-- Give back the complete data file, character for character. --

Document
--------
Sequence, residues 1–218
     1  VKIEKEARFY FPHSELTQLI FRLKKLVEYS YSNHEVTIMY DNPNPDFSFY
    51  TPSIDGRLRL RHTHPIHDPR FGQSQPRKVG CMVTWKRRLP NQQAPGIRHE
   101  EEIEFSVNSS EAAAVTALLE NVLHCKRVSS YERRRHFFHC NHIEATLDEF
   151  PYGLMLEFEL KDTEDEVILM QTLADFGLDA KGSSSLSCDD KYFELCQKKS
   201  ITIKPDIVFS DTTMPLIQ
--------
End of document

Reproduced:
Sequence, residues 1–218
     1  VKIEKEARFY FPHSELTQLI FRLKKLVEYS YSNHEVTIMY DNPNPDFSFY
    51  TPSIDGRLRL RHTHPIHDPR FGQSQPRKVG CMVTWKRRLP NQQAPGIRHE
   101  EEIEFSVNSS EAAAVTALLE NVLHCKRVSS YERRRHFFHC NHIEATLDEF
   151  PYGLMLEFEL KDTEDEVILM QTLADFGLDA KGSSSLSCDD KYFELCQKKS
   201  ITIKPDIVFS DTTMPLIQ